Monthly Archives: May 2016

Does Fracking Cause Earthquakes?


Sixty Minutes sent a reporter to Oklahoma to find out if the significant upswing of earthquakes being experienced there is the result of fracking. He interviewed a number of home owners and a visiting geologist, and they convinced him that, yes, fracking is the cause.

Steven Hayward of “Powerlineblog.com” located a video from Stanford University’s Department of Earth Science that says their study finds that fracking is not the cause.

Before you view the 4 minute video, it probably will be helpful to have a little background on “produced water” which is central to the topic.

When wells are drilled they often encounter water which comes up with the oil or natural gas. This water is usually salty and/or has other contaminates so it can not be used for agriculture. This water is typically reinjected into the well for disposal. But sometimes the quantity is too great and other means of disposal must be found. Underground disposal in sites drilled deeply into the Earth is often used for this purpose. Produced water has long disposed of in this manner.

Other details about produced water will be provided after you see the video. Please note the speaker is very clear that the fracking is not the problem.

More background:

John Veil at the Ground Water Protection Council—Underground Injection Control Conference in February 2015 presented “New Information On Produced Water Volumes and Management Practices”.

There are nearly 1 million oil and gas wells in the US that generate large volumes of Produced Water.

He reported the estimated volume of produce water in 2007 21 billion bbl for the year.

Ninety-eight percent goes into injection wells.

His summary for the period from 2007 to 2012

US oil production increased by 29%.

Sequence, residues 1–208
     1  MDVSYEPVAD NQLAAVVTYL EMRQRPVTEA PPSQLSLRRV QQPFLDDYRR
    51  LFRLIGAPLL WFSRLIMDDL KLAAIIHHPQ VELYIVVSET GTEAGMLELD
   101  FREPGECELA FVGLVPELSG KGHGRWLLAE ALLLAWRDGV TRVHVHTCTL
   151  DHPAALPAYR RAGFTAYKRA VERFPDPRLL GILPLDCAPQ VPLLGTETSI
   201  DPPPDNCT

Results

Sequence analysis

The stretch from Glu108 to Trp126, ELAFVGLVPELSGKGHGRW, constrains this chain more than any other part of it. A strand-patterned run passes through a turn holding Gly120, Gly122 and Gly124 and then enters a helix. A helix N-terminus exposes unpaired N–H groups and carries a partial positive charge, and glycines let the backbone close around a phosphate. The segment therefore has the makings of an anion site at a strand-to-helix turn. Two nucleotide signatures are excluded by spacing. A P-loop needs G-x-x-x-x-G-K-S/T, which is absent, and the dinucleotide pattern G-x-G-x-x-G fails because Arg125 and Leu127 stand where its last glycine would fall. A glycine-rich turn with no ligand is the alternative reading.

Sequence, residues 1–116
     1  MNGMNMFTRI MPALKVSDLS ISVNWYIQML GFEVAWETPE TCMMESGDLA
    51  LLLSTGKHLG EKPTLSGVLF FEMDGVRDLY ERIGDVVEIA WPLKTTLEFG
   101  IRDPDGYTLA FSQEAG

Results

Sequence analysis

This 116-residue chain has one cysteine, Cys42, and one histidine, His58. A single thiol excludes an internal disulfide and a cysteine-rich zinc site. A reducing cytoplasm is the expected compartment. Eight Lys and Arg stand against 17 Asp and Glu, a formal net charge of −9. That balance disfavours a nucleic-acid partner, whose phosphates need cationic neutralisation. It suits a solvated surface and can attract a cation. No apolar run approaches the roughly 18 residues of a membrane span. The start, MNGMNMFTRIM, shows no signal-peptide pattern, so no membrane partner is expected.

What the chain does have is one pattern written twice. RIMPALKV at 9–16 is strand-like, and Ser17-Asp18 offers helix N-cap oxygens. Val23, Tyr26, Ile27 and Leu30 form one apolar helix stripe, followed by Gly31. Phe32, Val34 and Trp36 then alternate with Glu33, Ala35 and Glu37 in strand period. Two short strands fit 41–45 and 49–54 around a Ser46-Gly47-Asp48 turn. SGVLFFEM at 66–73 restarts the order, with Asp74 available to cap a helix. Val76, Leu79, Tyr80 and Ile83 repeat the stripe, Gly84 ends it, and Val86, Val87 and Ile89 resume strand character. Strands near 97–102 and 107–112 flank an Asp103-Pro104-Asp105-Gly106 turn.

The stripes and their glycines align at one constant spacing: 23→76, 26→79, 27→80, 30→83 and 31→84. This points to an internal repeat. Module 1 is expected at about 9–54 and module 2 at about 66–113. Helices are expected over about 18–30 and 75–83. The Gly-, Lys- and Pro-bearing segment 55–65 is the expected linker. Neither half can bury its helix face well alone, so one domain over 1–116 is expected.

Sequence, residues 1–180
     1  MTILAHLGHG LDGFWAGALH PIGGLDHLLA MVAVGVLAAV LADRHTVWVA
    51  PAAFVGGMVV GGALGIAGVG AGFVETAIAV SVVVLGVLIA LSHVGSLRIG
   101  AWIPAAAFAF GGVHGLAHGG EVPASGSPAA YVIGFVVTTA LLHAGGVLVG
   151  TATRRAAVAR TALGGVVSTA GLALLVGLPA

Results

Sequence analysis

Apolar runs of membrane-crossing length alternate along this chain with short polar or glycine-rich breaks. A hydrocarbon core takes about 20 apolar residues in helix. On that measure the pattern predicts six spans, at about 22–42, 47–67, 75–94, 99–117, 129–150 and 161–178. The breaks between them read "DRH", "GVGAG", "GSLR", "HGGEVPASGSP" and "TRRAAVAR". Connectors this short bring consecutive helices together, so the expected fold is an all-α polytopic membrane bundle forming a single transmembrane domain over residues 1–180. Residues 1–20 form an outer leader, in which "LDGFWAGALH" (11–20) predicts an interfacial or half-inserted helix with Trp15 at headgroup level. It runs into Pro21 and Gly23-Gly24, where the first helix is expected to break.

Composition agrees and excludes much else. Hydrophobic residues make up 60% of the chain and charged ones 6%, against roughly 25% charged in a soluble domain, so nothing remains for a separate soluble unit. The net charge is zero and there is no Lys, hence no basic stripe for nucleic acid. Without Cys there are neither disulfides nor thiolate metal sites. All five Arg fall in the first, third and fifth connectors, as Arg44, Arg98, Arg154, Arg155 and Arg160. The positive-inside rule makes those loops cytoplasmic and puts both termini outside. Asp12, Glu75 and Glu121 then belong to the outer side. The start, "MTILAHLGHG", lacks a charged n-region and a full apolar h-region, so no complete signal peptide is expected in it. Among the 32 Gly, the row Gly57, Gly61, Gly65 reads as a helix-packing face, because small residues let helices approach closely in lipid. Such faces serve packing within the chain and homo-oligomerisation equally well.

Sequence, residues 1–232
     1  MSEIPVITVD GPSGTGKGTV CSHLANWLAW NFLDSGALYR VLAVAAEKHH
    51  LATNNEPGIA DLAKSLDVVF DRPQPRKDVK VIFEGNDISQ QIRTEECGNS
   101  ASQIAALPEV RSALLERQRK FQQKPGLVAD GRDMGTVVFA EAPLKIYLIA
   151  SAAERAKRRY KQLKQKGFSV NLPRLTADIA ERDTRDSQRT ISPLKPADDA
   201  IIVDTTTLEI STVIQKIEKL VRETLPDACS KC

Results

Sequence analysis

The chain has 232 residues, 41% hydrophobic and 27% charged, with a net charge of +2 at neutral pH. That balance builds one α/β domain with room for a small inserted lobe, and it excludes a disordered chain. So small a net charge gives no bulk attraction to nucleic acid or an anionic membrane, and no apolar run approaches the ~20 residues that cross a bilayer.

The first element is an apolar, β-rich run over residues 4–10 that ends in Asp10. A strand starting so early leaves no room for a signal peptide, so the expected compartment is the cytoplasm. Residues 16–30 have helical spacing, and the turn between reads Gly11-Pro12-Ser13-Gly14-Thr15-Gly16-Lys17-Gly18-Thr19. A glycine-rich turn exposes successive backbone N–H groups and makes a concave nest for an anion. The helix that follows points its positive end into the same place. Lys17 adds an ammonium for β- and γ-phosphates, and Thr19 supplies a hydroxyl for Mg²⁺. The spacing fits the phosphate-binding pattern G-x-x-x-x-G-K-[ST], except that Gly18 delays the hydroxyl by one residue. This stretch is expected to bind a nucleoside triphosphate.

US gas production increased by 22%

US produced water decreased by 2.4%

Viel notes:

Here is my hypothesis

  • Conventional production generates a small initial volume of water that gradually increases over time. The total lifetime water production from each well can be high
  • Unconventional production from shales and coal seams generates a large amount of produced water initially but the volume drops off, leading to a low lifetime water production from each well
  • Between 2007 and 2012, many new unconventional wells were placed into service and many old conventional wells (with high water cuts) were taken out of service
  • The new wells generated more hydrocarbon for each unit of water than the older wells they replaced.

So the conventional wells with hig levels of produced water were replace by fracked wells that generate less produced water per unit of production.

So, yes oil production, if ceased,  would probably make a big reduction in Oklahoma eartthquates. But fracking per se has not caused the problem. The  energy that is being released little by little will probably benefit someone  in the future.  I suspect if I lived there it would not be a big selling point. But of course,  oil and gas production are  the  big selling points to the people in the “oil patch.”

cbdakota

Advertisements

Nuclear Energy Is The Energy Source Of The Future–So Why Is It Dying Now?


A posting by Michael Shellenberger, “Clean Energy is on the Decline — Here’s Why, and What We Can Do About It”  discusses the demise of nuclear power plants. He notes that while low natural gas prices have undercut the economics of nuclear plants, the real problem they face is the bias against nukes. He notes than many State regulations refuse to class nukes as “renewable” energy thus not getting subsidized as do solar and wind energy. These same state regulations require a mix of solar and wind generated energy be part of the mix sold by utilities but specifically do not include nuclear power as part of the required mix. Why he asks does nuclear, an energy source that emits no carbon dioxide (CO2), get excluded. And further, nukes are base-load plants. Meaning when put on-line they produce power whether the sun shines or the wind blows.  And an added benefit, nukes produce enormous amounts of power while occupying very little space.

Shellenberger says:

“Consider that in the U.S., utilities have either closed or announced premature closures of seven plants in three years. At least eight more are at risk of early closure in the next two years. In 2011, Germany announced it would close all of its nuclear plants. Swedish utility Vattenfall announced late last year that it would be forced to close several reactors prematurely.”

The irony of this, for example in Germany, is that the nukes are being replaced by brown coal fueled power plants. Brown coal is probably the biggest emitter of CO2 per KWh of any normal power source.